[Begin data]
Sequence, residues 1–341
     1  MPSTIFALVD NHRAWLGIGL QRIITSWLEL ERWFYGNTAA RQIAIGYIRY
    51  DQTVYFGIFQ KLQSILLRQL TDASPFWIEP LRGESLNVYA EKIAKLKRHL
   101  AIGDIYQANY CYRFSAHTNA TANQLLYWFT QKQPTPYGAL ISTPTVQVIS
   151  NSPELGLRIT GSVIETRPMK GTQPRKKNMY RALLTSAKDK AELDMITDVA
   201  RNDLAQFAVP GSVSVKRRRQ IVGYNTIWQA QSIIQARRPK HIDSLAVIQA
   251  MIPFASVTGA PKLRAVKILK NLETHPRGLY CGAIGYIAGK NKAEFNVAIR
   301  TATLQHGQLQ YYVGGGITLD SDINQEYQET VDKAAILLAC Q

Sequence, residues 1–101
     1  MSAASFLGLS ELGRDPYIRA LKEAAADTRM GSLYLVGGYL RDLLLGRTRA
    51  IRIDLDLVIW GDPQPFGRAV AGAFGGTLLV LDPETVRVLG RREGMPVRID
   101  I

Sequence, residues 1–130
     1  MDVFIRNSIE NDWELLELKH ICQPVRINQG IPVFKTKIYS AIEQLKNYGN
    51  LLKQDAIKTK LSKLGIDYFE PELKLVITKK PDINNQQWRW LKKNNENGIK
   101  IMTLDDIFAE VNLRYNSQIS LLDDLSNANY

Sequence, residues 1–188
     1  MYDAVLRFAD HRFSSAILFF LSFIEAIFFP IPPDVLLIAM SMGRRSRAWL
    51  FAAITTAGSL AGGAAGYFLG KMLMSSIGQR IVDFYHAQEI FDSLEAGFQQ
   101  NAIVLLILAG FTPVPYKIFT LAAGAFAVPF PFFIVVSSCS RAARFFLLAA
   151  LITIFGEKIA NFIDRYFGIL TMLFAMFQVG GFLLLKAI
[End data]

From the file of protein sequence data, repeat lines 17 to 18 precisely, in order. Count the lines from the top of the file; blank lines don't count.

Sequence, residues 1–188
     1  MYDAVLRFAD HRFSSAILFF LSFIEAIFFP IPPDVLLIAM SMGRRSRAWL